Post-traumatic disorder, more commonly known as PTSD, is basically a psychological disorder that certain individuals develop. These individuals are usually those who have experienced a particularly troubling and distressing situation, such as military veterans, but it can actually affect individuals regardless of age, work experience, gender, race, etc.
For instance, individuals may develop PTSD following a sexual assault or rape, an auto accident, or a natural disaster. It comes with a host of symptoms that differ in severity, particularly based on which traumatic incident first triggered the symptoms.
The Primary Symptoms of Post-Traumatic Stress Disorder
You can experience symptoms at different times, even three to six months following the traumatic incident. Your symptoms may also come and go. Unfortunately for some, PTSD can become chronic, while for others, symptoms might go away with treatment.
These symptoms include the following:
- Re-experiencing Symptoms – This includes recurrent flashbacks of the traumatic event. You might experience petrifying thoughts and dreams at different times of the day.
- Mood and Cognition Symptoms – This includes having a problem recalling crucial details of the traumatic event, losing the feeling of enjoyment you get from activities you used to love, feeling alienated from family and friends, and feeling inexplicable and unreasonable guilt over what you experienced.
- Avoidance Symptoms – You might try with all your might to avoid triggers that could potentially bring on your symptoms, causing you to withdraw from everything and everyone around you.
- Hyperarousal Symptoms – This involves always being vigilant and on guard trying to spot potential danger everywhere. You may likewise have problems sleeping, be easily frightened by loud sounds, and have trouble concentrating.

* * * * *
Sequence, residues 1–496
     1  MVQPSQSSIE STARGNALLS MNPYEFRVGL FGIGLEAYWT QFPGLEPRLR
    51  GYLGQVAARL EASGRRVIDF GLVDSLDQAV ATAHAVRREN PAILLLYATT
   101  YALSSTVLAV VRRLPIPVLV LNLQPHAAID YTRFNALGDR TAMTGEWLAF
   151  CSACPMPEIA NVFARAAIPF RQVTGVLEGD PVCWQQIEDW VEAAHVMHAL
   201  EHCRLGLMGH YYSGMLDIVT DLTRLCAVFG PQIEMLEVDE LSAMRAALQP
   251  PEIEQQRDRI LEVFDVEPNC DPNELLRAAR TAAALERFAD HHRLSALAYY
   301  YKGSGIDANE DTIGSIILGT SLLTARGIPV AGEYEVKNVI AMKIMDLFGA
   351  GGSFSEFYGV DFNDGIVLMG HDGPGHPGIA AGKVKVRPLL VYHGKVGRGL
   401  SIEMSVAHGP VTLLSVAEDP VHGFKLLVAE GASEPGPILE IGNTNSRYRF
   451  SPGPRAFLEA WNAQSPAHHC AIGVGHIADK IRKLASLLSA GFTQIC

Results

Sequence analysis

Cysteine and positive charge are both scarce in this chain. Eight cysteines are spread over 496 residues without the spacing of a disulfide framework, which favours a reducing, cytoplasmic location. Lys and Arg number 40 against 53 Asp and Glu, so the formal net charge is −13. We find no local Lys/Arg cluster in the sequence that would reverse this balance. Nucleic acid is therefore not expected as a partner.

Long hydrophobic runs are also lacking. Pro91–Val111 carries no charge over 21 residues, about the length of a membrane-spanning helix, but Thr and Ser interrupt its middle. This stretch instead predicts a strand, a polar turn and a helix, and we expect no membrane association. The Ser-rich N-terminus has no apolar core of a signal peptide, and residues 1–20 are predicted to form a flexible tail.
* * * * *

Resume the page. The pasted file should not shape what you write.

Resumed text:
How PTSD is Diagnosed
When seeking a diagnosis of PTSD, it is immensely crucial to understand that trauma alone isn’t enough to result in post-traumatic stress disorder. With this in mind, if you are experiencing all of the abovementioned symptoms for a month or more, you should tell your doctor or go straight to a mental health professional that has extensive experience diagnosing PTSD.
During the psych exam, you will be asked to describe all of your symptoms in great detail. You will answer a questionnaire and asked how your symptoms are affecting your daily life.
How PTSD is Treated
If you got a post-traumatic disorder diagnosis, you would be prescribed a carefully crafted combination of treatments. This treatment plan will include cognitive behaviorally therapy or CBT, also called talk therapy, where you’ll work with your CBT therapist in Westport, Connecticut to recall the traumatic incident and how you feel about it so you can be desensitized to it and resolve your symptoms. CBT is usually recommended alongside joining PTSD support groups, and medications like antidepressants, sleep aids, and anti-anxiety meds, based on your specific situation.
Do note that you may find yourself experiencing symptoms on and off without any warning, but this doesn’t necessarily mean that your treatment plan isn’t working. Just make certain to inform your therapist. Additionally, tell your therapist or seek help if you are thinking of suicide or are feeling severely depressed.
Considering that plenty of individuals suffering from PTSD feel unreasonably ashamed or embarrassed of their condition, refrain from going inward and really attempt to try and tell your therapist every time your symptoms re-appear, regardless of whether or not you’re undergoing any treatments.